Evidence-Based Management in Healthcare

Evidence-Based Management in Healthcare
Chicago:  Health Administration Press,

Kovner, A.R., Fine, D.R. & D'Aquila, R.
04/01/2009

Too often in the fast-moving healthcare field, decision makers rely primarily on what has worked before. Evidence-Based Management in Healthcare explains how healthcare leaders can move from making educated guesses to using the best available information to make decisions.

Learn what evidence-based management (EB management) is and how it can focus thinking and clarify the issues surrounding a decision. The book provides a straightforward process for asking the right questions, gathering supporting information from various sources, evaluating the information, and applying it to solve management challenges.

Numerous real-life examples illustrate how the EB management approach is used in a variety of situations, from inpatient bed planning to operating room scheduling to leadership development. These examples also demonstrate the potential costs and benefits of EB management.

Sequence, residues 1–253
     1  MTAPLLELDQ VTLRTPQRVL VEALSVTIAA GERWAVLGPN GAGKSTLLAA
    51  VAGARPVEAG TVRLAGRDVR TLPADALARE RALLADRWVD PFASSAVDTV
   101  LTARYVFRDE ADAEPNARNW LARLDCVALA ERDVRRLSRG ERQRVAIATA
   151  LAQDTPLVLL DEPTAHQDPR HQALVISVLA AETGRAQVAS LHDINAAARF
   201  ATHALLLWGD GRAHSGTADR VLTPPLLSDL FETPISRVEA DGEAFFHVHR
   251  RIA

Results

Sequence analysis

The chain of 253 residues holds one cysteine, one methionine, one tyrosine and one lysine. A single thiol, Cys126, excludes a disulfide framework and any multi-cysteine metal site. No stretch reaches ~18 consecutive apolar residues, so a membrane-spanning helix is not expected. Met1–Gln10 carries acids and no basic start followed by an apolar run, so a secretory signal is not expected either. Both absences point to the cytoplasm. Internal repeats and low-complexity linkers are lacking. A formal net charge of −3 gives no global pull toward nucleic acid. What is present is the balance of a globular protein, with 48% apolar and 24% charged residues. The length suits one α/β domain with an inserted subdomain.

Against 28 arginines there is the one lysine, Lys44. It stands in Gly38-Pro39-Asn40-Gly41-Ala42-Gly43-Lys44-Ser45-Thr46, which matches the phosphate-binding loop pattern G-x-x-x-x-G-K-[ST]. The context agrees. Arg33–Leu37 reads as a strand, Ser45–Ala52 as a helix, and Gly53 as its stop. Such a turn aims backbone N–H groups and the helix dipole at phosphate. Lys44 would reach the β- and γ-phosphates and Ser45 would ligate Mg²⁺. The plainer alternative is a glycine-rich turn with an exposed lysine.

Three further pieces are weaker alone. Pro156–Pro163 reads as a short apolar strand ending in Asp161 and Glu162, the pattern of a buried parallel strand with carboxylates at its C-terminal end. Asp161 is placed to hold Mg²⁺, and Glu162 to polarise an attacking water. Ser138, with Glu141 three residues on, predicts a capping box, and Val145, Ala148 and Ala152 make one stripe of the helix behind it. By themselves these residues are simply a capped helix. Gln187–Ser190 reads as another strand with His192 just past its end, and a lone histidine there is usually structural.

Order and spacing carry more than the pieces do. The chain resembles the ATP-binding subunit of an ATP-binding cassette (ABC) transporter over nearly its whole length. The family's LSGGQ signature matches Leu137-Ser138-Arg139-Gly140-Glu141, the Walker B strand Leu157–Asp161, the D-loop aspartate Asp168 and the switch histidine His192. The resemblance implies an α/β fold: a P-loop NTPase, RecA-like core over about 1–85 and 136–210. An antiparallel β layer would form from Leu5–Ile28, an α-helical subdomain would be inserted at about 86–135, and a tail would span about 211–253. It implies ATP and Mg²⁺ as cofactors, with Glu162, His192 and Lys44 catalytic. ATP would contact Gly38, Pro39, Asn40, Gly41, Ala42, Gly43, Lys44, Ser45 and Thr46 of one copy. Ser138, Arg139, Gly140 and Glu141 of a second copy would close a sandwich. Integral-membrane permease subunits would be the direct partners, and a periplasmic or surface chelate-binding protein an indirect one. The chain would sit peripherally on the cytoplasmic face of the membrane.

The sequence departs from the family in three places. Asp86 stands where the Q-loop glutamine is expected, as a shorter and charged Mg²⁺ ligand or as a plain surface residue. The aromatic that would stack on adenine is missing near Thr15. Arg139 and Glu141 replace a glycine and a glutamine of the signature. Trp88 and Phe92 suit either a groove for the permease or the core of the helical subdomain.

A critical Review of Race and Ethnicity in the Leadership Literature: Surfacing Context, Power and the Collective Dimensions of Leadership.

A critical Review of Race and Ethnicity in the Leadership Literature: Surfacing Context, Power and the Collective Dimensions of Leadership.
The Leadership Quarterly, 20  

Ospina, S. and E. G. Foldy
01/01/2009